Most successful businesses reflect the owner’s personal interests. That is why it is not surprising that almost a fourth of all business ideas come from the owner’s hobby interests. Turning a hobby into a career isn’t all fun and games, however. If you are thinking about turning your passion into profits, consider the following tips.
When choosing a business idea, one thing is certain: you’ve gotta love it. However, just because you love doing something doesn’t mean it will make a successful business. Remember, your business needs to be profitable as well as satisfying. Be sure to research your market before you jump in with both feet. Will enough people buy your product or service? Will the customers keep coming over time? Are customers willing to pay enough that you can cover your expenses and earn a profit?
There’s more to a business than just the products or services you offer. Just because you love to golf, for example, doesn’t mean you have all of the skills required to run a golf course. You may find that once you start your business, you actually spend more time selling than you do pursuing your interest. After all, it doesn’t matter that you make the best cheesecake if you never sell one. Other business tasks (such as management, bookkeeping and personnel) will eat up your time too. Thus, you may find less that you have less time to pursue your interest than you expected.
Hobbies are an excellent diversion. In fact, that is often the very thing we love about them. If your hobby becomes your work, will it lose its appeal? Deadlines, repetition, and having to conform to customer constraints can zap the fun from your hobby interest. Remember, just because you enjoy cooking doesn’t necessarily mean you should open a catering business. It is one thing to prepare a gourmet meal for friends; it is another to cater a dinner party for two hundred finicky guests.
Here are a few pointers that can help you ensure a happy marriage of your hobby and your business:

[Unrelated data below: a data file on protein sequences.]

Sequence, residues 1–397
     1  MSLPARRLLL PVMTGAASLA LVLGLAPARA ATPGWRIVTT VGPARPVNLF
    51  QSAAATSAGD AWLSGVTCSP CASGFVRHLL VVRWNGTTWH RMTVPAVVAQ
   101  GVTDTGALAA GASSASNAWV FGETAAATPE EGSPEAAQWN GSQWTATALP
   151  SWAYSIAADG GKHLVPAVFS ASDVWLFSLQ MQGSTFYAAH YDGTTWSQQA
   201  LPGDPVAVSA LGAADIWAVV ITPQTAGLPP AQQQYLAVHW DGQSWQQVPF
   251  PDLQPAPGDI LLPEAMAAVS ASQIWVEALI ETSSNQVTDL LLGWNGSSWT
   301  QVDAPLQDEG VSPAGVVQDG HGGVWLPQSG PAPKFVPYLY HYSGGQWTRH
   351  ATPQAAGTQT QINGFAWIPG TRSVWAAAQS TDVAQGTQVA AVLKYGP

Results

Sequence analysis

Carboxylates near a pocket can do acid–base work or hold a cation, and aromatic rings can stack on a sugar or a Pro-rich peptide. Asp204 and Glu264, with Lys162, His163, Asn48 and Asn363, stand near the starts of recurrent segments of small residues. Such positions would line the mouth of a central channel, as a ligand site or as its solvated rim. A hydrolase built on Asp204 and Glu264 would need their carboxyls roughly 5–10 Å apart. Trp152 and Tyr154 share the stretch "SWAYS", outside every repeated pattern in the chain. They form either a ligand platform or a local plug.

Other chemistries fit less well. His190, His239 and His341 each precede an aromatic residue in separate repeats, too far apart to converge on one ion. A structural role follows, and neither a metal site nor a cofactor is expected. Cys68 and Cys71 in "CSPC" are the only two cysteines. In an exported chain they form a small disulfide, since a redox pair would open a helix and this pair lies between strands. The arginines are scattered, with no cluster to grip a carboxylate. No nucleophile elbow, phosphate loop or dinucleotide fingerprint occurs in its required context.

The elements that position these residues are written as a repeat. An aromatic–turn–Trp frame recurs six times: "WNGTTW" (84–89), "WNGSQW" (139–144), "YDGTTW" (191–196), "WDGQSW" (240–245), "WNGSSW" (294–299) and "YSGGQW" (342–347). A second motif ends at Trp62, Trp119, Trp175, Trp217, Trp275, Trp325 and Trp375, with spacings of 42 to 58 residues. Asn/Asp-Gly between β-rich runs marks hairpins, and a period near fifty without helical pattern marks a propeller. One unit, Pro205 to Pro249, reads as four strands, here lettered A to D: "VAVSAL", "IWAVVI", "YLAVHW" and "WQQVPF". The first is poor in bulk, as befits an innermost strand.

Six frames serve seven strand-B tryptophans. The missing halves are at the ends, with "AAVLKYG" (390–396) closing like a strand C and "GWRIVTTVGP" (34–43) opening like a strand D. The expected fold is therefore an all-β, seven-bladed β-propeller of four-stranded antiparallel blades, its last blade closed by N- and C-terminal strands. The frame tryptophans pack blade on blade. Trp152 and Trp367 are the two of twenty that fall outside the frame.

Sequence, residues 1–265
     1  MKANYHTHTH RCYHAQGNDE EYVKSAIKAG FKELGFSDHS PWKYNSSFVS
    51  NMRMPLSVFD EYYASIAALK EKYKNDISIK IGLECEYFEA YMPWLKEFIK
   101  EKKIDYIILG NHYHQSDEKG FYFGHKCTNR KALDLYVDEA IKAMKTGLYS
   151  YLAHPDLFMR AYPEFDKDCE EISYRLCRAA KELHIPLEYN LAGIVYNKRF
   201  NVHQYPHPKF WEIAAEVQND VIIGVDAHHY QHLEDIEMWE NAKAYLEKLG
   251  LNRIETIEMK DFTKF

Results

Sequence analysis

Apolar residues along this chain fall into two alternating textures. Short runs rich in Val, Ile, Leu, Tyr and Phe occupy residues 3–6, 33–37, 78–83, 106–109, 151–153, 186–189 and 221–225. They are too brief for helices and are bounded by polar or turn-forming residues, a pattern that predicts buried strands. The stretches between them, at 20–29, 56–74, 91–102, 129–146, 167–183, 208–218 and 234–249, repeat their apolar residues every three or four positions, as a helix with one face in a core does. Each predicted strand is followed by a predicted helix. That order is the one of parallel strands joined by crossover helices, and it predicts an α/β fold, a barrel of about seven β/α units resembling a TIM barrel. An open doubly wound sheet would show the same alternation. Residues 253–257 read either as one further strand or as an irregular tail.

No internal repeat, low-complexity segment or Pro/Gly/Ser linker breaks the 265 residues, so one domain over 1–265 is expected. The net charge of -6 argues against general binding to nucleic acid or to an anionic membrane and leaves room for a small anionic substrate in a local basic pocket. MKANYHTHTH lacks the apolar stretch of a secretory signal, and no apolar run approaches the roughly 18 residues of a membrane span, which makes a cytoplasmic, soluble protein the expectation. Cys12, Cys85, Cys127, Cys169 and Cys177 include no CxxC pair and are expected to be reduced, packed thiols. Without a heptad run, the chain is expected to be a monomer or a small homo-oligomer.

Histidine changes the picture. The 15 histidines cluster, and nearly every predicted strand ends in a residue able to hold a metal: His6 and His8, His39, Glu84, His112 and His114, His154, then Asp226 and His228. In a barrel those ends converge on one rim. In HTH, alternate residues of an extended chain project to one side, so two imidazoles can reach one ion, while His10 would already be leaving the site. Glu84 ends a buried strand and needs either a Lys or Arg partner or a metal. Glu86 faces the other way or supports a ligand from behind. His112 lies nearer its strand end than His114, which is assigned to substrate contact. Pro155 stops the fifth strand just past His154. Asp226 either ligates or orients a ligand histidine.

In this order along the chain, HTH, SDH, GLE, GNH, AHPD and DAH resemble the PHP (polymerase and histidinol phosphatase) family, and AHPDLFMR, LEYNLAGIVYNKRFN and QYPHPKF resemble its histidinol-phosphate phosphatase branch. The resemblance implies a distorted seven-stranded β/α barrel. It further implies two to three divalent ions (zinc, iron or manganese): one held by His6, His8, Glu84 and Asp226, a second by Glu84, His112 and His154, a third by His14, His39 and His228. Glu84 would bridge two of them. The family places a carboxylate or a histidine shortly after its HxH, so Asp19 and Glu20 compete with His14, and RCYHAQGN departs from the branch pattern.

- The grass is always greener on the other side of the fence. Gain an insider’s perspective by working part-time (even if only on a short term basis) in your field of interest before you commit to starting a business. You’ll learn first hand what’s involved in running the type of business that you are interested in. It’s a great way to get your feet wet, and this experience can only improve your chances for success.
- Consider a partnership with someone who’s passionate about the business end of your business. That way, you’ll be able to spend more of your time doing what you love. If you decide to partner, be sure to choose your partner carefully and define clear expectations in the beginning.
- Seek out a mentor who has worked in your field of interest for a while. Ask them about the pros and cons, what’s worked, what hasn’t. Direct competitors may be reluctant to talk with you for obvious reasons. You can avoid this dilemma by seeking the advice of business owners in other market areas.
- Do your homework. Take the time to research your field of interest—find out what’s hot, what’s not and what’s next for your industry. Trade organizations and trade publications are great sources of information. There are trade organizations for almost every type of business interest imaginable—from the Federated Funeral Directors of North America to the National Association of Professional Petsitters (and everything in between). Not sure how to find a trade association or publication in your area of interest? The Encyclopedia of Associations and Newsletters In Print by Gale Research (available at most libraries) can help you identify organizations and publications within your field of interest, and the 2001 Writer’s Market provides a list of magazines published in the U.S. When in doubt, ask your local librarian for help!